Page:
Sunday, May 15, 2005


The Oil of Nassiriya – Peacekeeping and Business

This document was from an investigative report from RAI News 24, “In the Name of Oil” by Sigfrido Ranucci. I’m translating the article on this televised report from La Repubblica. It was in the print version and is now longer on line.

Peacekeeping and business: and investigative report from RAI News 24 goes to the origins of the Italian mission in Iraq, “Antica Babilonia” and the oil of Nassiriya. In a dossier of the government written six months before the war the Iraqi province had been indicated as a strategic location for Italy.

Italian soldiers at Nassiriya

ROME – We are in Iraq for the oil. Certainly for humanitarian purposes and to safeguard the immense archaeological patrimony of that country – as the name of the mission “Antica Babilonia” is not a random choice – but the black gold plays a part, oh how it plays a part. The investigative report of Sigfrido Ranucci, broadcast today on (satellite) RAI News 24, with documents at hand, tries to demonstrate this fact. It’s not accidental that our soldiers are positioned at Nassirya and not elsewhere, because the capital of the Shiite province of Dhi Qar was precisely the place where they had been sent. Why? Because we knew how wealthy in oil that zone is. Largely desert, but literally floating on a sea of that most precious liquid that moves the world.

An old agreement between Saddam and ENI (National Oil Co.), which dates form the second half of the 90s, for the extraction of a consistent oilfield (2.5-3 billion barrels) in the zone of Nassiriya is enough to at least bring about some suspicions. As well as the doubt that has insinuated in the study commissioned by the Ministry for Productive Activities, six months prior to the outbreak of the war, to Professor Giuseppe Cassano, docent of Economic Statistics at the University of Teramo. A dossier in which there is the confirmation that we must not let the occasion slip by in case of war and to be based at Nassiriya, “If we don’t want to lose,” Cassano writes, “a 300 billion dollar deal”. So, what is the problem? many might ask. At the end of the day what’s wrong with having taken part in such a costly and risky mission, that something comes to us in the end? Safeguard “also” the success of our oil business, suggests the undersecretary of Productive Activities Cosimo Ventucci, interviewed by Ranucci, is an “intelligent” choice.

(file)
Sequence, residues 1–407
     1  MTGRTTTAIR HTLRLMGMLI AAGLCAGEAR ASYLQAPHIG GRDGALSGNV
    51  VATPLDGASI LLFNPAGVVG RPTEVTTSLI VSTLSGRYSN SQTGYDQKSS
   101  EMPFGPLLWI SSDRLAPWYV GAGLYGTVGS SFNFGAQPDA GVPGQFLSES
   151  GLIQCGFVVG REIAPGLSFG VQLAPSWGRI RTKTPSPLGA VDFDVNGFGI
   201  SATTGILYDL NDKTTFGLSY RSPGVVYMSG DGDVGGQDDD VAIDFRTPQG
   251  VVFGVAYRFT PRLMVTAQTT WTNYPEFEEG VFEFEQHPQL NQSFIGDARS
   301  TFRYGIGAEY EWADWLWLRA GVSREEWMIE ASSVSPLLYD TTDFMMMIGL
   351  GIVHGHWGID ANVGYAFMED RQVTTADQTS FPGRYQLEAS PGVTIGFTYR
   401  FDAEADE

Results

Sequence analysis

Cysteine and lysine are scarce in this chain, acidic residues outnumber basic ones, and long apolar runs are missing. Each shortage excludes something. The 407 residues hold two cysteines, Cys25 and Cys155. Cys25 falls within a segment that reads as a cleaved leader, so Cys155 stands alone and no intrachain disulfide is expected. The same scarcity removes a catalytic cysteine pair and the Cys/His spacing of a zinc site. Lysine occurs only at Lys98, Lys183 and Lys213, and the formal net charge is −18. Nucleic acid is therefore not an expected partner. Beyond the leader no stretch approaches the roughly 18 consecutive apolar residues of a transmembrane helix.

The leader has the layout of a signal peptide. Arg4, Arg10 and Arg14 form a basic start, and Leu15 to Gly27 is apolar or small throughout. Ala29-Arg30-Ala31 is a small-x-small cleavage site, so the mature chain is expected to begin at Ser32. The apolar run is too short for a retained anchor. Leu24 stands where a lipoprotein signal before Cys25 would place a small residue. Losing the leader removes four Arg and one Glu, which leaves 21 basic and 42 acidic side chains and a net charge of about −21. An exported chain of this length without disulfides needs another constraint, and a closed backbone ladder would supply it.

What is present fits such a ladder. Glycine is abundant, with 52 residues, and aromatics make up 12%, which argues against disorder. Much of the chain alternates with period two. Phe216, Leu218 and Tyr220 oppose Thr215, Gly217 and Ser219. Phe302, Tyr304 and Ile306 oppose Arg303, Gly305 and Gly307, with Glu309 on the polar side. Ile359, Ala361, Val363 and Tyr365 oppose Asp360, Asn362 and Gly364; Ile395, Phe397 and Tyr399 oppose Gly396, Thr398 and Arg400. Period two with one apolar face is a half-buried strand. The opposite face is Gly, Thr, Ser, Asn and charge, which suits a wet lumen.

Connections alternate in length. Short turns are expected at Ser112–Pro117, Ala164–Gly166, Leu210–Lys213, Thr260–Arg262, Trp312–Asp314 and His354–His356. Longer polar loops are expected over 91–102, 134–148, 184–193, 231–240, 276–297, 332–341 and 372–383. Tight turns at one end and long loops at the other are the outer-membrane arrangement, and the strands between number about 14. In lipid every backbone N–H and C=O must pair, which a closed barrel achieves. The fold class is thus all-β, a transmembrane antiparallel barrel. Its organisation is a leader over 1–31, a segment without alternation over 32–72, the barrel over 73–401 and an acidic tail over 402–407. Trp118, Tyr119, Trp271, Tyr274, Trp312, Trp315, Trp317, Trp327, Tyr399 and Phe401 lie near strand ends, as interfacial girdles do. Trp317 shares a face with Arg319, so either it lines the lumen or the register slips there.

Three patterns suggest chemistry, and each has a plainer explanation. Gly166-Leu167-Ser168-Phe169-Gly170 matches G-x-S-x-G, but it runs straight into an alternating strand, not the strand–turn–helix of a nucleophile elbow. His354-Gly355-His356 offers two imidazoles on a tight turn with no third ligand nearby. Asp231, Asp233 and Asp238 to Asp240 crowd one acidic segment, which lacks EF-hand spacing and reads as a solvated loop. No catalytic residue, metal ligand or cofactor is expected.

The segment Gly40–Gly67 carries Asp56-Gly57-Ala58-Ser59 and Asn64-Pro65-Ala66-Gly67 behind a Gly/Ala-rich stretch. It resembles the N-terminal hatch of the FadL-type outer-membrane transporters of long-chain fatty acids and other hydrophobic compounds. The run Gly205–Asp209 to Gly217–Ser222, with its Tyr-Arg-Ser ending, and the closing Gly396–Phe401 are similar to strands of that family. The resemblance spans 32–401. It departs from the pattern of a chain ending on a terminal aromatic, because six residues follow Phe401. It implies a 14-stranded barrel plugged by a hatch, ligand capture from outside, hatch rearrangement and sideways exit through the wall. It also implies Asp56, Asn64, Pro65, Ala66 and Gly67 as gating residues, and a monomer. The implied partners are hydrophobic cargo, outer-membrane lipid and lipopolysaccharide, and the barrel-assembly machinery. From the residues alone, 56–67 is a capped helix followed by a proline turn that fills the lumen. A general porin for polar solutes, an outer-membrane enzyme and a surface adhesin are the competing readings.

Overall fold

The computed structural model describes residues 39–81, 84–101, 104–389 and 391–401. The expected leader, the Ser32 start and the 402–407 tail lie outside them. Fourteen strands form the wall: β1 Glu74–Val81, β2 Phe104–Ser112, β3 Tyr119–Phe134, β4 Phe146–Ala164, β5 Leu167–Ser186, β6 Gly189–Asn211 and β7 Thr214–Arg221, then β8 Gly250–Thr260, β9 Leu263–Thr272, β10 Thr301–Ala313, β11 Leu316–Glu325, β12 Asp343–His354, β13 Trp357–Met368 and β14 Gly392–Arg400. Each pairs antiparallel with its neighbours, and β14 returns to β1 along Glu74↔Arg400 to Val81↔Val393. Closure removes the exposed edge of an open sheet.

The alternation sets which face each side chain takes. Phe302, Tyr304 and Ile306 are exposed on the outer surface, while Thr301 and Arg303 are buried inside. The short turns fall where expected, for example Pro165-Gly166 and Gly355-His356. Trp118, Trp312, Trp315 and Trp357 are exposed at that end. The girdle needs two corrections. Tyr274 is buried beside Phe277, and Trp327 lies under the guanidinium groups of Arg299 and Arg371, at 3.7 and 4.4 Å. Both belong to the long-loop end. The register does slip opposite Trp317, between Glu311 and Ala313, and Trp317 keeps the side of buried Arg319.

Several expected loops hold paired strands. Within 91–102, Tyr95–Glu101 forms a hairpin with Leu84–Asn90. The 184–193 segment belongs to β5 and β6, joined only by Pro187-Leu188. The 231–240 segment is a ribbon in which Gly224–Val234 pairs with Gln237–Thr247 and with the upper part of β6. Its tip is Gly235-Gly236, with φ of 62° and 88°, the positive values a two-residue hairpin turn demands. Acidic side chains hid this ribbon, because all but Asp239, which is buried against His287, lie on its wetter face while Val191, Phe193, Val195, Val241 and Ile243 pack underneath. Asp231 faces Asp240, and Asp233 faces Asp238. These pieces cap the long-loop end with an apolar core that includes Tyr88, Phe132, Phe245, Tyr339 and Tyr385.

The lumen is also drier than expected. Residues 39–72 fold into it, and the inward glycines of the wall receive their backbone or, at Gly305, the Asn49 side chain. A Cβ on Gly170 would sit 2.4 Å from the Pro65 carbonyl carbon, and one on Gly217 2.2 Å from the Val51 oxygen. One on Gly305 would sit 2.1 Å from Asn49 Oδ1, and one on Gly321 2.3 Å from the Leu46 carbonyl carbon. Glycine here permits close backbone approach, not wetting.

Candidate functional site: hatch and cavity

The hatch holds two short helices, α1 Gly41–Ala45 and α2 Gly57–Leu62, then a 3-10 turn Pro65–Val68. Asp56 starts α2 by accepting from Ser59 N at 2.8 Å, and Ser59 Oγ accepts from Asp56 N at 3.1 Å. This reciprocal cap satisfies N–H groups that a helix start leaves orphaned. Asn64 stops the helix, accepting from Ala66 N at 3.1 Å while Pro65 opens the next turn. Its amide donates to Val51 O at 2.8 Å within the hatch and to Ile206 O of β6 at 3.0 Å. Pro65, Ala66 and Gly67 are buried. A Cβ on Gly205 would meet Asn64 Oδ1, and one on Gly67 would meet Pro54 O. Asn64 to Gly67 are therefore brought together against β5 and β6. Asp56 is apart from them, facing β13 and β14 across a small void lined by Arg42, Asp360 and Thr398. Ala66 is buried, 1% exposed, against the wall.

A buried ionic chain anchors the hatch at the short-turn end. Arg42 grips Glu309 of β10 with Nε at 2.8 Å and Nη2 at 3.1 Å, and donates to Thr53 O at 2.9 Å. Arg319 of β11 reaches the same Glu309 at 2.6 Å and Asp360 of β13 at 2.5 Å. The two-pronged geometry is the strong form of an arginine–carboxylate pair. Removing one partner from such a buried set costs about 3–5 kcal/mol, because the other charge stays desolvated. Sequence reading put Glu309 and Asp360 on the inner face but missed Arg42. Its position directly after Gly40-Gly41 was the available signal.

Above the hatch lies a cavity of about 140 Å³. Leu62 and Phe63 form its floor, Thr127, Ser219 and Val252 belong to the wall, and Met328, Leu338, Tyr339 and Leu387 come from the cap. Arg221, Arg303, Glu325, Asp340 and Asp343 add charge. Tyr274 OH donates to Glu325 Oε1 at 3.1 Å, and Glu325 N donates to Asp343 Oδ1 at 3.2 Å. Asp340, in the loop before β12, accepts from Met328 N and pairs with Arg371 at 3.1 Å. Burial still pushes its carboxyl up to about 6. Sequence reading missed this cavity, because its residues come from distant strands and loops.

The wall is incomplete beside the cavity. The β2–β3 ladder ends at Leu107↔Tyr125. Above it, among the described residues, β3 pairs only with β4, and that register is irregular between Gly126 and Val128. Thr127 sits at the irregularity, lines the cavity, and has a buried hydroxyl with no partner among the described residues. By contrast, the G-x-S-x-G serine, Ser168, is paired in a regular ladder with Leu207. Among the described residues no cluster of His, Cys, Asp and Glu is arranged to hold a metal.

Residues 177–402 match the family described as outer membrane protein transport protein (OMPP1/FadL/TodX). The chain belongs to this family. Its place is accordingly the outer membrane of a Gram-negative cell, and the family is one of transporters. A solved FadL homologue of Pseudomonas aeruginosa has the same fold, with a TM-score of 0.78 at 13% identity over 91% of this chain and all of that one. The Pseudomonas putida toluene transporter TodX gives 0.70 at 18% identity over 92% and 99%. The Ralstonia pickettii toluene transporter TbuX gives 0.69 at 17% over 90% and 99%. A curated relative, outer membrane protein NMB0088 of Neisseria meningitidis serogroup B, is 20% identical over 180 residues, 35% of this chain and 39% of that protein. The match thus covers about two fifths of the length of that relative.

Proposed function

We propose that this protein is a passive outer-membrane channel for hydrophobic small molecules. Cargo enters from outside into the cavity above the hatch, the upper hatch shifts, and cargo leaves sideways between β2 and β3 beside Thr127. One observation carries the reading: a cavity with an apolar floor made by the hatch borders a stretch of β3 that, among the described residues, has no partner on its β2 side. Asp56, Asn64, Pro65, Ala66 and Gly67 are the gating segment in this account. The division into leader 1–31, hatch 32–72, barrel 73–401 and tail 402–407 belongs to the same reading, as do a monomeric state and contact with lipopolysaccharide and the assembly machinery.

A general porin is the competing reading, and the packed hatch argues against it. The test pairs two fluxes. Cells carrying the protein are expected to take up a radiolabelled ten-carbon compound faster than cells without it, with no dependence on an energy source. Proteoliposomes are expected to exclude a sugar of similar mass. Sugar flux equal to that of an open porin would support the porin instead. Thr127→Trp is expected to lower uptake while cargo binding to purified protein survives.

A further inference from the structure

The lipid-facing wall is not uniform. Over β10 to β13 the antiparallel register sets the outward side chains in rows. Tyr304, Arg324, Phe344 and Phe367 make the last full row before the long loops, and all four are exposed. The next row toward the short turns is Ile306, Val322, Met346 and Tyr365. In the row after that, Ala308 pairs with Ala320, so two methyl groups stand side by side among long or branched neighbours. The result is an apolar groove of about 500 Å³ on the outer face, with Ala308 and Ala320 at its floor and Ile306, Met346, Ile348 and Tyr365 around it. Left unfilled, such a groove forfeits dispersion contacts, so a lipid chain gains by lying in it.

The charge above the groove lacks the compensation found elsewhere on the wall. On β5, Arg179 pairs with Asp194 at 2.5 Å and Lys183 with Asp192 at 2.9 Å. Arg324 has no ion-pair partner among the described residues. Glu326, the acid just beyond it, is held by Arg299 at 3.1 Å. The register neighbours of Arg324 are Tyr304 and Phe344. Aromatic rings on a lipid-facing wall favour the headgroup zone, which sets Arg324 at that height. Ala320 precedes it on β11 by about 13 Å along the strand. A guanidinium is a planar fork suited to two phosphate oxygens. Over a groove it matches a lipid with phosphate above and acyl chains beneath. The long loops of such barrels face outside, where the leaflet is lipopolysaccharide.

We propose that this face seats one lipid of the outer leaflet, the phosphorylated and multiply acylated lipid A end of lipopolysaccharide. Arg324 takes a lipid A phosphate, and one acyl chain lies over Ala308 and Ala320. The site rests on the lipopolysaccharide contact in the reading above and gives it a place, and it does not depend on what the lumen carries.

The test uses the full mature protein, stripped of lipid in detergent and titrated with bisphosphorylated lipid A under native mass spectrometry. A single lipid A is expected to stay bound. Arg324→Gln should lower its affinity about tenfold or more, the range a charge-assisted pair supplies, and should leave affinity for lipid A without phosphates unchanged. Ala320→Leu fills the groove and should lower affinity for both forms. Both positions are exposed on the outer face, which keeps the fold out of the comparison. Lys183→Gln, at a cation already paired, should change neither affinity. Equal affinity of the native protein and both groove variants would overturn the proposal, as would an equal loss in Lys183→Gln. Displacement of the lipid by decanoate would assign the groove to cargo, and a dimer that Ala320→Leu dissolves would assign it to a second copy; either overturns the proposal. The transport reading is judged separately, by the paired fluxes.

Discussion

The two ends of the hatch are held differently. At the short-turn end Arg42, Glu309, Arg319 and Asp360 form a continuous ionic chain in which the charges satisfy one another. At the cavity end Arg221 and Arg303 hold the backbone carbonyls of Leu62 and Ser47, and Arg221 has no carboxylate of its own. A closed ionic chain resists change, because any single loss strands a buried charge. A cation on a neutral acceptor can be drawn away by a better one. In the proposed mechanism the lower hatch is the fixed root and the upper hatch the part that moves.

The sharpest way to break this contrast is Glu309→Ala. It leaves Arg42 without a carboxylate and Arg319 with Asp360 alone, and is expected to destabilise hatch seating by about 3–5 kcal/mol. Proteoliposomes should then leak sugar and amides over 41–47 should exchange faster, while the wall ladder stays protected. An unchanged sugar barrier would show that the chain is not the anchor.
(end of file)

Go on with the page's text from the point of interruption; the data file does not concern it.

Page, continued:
Sure, it would have been enough to admit it, this is the thesis of Ranucci, and to respond to the Parliamentary interrogations about it without hiding behind bland formulas. To admit that in reality the reason of oil was much more important that the humanitarian ones: “I tired to busy myself with reconstruction projects,” denounced Marco Calamai, who had been working with the Governor of Nassiriya for a period of time, “but the reconstruction never really took off. America exported democracy in words, but in effect they have impeded that it grows from the base”. Our military police have in the meantime escorted barrels of oil and done surveillance of oil wells. And the terrorist strike of Nassiriya, as the correspondent from the paper Il Sole 24 Ore, Claudio Gatti had written the day after the strike, it wasn’t directed against our military contingent, but against ENI.

On the other hand, Iraq is the true safe if oil on our planet. With quantities that according to Benito Livigni, former manager of the American Gulf Oil Company, and later of ENI, are said to be superior to those of Saudi Arabia: “According to one estimate, the reserves of Iraq should total up to 400 billion barrels of oil, and not the 116 which has always been used. In the country there are vast desert zones which are not exploited”. (13 May 2005)


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